Why travel solo and how to enjoy solo trips?


I regularly travel alone. A decision that sometimes provokes incredulity. Isn’t travelling alone a bit risky (especially when you’re a girl)? How can you enjoy a solo holiday without having someone to talk to? And why go alone? After all, it’s not hard to motivate people to visit nice travel destinations, is it?

These are all remarks I’ve heard before… so today I want to talk to you about solo travel, with some tips on how to make it a magical experience!

Why travel solo?

There are many reasons to go on holiday alone and in my travels I have come across many solo travellers who all had their own story!

Travelling alone because no one else is available – You took some days off (or were forced to do so by your employer) but no one else you know can leave at the same time as you. Should you deprive yourself of travelling or should you make the most of this time and prepare for a solo trip in line with your tastes?

Your friends don’t travel like you – Finding the right travel companion is not always easy and sometimes your friends simply don’t have the same way of travelling as you. This is the case for me! Among my friends, I have beach-pool-beach-pool vacationers, hard-core party people and so on… which is not my type of holiday.

Solo travel is sometimes preferable to leaving with people who do not have the same vision of holidays and with whom the trip can become a source of tension or frustration.

Travelling alone to experience holidays in a different way – Solo travel is not necessarily a choice you make because you have no other option, it can be a real choice. Because it makes it easier to meet the locals, to create an itinerary that immerses you 800% in the destination (and that corresponds 800% to your tastes!), to set off on an adventure, because it offers unprecedented flexibility (whether in the choice of destination, the budget spent, the programme of your trip)… solo travel can be a personal decision!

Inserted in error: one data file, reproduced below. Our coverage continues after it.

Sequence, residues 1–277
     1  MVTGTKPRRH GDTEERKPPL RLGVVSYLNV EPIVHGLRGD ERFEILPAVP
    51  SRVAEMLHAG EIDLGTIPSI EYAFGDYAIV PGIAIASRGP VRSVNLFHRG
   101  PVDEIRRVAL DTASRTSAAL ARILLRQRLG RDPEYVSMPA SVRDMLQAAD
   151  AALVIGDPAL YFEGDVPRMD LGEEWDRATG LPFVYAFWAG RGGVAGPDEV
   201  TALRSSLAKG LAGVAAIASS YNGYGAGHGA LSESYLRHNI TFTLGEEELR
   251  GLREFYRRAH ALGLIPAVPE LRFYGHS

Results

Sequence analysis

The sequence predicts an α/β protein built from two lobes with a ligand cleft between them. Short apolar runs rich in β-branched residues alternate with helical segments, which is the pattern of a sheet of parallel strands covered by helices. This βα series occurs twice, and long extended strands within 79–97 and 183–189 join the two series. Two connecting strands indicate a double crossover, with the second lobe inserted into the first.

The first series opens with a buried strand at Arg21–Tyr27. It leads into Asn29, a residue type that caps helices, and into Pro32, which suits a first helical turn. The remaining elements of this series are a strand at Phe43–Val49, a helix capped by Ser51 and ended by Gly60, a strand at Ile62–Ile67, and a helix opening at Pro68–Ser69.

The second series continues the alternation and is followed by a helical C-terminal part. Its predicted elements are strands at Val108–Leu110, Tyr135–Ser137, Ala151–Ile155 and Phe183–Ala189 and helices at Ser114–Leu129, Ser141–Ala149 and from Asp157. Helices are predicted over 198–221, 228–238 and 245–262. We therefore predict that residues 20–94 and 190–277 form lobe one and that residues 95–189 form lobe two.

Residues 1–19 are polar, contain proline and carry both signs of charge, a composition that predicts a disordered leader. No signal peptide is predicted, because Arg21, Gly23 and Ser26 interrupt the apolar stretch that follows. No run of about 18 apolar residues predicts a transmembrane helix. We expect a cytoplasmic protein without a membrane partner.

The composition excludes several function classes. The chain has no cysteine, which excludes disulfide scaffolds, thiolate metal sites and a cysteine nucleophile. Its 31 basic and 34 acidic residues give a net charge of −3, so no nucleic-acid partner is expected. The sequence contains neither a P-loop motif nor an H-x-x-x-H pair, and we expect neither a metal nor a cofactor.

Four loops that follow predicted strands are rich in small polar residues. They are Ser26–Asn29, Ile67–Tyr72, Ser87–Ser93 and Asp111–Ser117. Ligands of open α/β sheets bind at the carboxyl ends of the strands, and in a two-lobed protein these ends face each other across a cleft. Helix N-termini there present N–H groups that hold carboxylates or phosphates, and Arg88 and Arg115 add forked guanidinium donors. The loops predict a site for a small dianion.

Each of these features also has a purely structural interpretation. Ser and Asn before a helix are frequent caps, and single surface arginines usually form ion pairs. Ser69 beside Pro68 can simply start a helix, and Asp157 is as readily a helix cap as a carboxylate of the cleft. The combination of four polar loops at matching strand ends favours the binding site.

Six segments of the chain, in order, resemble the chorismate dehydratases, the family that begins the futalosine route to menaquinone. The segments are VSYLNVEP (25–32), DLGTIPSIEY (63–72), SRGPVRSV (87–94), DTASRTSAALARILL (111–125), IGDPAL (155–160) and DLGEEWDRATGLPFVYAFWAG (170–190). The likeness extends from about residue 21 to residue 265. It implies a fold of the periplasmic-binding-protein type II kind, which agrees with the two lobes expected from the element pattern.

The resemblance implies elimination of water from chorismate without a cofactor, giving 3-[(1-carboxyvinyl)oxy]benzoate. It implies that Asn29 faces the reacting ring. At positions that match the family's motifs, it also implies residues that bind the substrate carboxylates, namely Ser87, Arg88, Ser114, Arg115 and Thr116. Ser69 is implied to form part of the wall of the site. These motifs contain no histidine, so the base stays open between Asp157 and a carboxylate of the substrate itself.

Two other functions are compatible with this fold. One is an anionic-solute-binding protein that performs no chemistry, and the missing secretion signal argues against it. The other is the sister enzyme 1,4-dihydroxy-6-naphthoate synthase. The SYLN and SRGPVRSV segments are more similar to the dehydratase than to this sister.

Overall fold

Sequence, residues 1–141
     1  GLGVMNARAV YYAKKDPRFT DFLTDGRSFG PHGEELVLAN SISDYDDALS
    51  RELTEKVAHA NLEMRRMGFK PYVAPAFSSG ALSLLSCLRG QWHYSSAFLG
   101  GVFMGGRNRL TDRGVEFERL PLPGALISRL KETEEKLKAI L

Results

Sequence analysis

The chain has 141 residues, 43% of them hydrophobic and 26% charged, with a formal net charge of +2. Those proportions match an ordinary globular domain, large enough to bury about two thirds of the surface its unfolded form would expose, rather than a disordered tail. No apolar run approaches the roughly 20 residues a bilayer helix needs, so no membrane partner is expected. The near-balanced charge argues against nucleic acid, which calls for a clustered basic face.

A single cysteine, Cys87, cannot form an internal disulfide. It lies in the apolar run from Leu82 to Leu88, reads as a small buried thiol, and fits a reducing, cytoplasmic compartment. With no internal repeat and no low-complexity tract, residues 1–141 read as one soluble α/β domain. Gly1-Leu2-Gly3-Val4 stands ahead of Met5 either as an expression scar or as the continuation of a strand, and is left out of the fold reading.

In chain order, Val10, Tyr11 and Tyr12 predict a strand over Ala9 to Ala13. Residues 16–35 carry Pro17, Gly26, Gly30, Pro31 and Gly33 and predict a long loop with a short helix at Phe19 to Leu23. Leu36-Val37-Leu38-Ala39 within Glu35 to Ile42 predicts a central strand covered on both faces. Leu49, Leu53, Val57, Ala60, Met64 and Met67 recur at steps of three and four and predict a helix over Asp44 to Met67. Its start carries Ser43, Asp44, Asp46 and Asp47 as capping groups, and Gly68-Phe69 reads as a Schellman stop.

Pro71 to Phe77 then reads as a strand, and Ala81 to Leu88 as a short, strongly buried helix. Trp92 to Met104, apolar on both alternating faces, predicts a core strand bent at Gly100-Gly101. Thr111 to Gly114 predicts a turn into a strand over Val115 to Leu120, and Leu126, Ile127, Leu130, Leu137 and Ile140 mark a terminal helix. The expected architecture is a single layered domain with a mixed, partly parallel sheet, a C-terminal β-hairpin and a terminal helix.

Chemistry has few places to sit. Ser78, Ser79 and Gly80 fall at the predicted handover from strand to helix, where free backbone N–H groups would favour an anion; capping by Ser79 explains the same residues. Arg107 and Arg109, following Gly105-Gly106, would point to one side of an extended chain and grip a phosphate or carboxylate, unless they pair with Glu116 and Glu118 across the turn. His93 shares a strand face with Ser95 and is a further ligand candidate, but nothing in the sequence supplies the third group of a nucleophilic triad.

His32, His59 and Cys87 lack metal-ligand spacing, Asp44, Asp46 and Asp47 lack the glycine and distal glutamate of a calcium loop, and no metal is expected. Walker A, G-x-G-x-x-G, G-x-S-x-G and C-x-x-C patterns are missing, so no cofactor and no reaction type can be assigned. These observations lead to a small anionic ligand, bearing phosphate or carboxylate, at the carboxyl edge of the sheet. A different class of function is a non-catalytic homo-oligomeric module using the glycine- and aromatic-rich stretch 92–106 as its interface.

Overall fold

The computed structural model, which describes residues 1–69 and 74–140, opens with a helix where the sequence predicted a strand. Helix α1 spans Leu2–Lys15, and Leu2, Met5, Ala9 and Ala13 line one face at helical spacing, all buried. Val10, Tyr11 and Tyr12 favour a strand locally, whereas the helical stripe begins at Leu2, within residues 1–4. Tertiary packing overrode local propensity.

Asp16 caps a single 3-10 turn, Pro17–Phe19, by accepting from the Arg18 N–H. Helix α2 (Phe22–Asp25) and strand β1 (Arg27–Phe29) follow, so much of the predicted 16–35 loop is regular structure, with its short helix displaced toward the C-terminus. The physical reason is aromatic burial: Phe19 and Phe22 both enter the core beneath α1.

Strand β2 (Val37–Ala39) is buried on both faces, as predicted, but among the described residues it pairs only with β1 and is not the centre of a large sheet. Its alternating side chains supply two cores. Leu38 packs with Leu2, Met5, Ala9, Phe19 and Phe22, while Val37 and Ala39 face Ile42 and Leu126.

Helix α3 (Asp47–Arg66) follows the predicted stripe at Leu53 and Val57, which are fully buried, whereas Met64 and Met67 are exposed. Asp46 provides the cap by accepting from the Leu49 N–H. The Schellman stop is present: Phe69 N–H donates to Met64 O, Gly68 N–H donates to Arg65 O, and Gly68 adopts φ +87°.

Travelling solo to think about yourself – Going on holiday alone is also about confronting yourself. Finding what makes you tick, but also taking it upon yourself to overcome certain fears, whatever they may be (fear of the language barrier, fear of scams and security problems, fear of getting lost…). Solitude is a great opportunity to learn about yourself and it makes the experience very powerful, especially when you are trying to gain self-confidence.

A solo trip to Lisbon

How to travel solo without worrying?

A solo trip offers you the unique opportunity to have a blank sheet of paper in front of you, on which you can create the itinerary you dream of!

Finding the right destination

There are surely places you dream of visiting. And maybe places you don’t know yet that will arouse your curiosity. Some people wait until they’ve “found the right person” to go on these trips: what if you went alone now?

I believe that a solo trip is not experienced in the same way as a trip with two or more people. You don’t look at it in the same way and you often don’t do quite the same activities. And then, if the place is really fantastic, you can still go back there with the people you love… and you will live the experience differently!

It’s time to think about where you want to go. To do this, I like to visit the website Where and When to find my next destination! On this site, you can enter the criteria for your ideal trip: the region of the world that appeals to you, the climate you’d like to have, your budget, the time difference or the duration of the flight…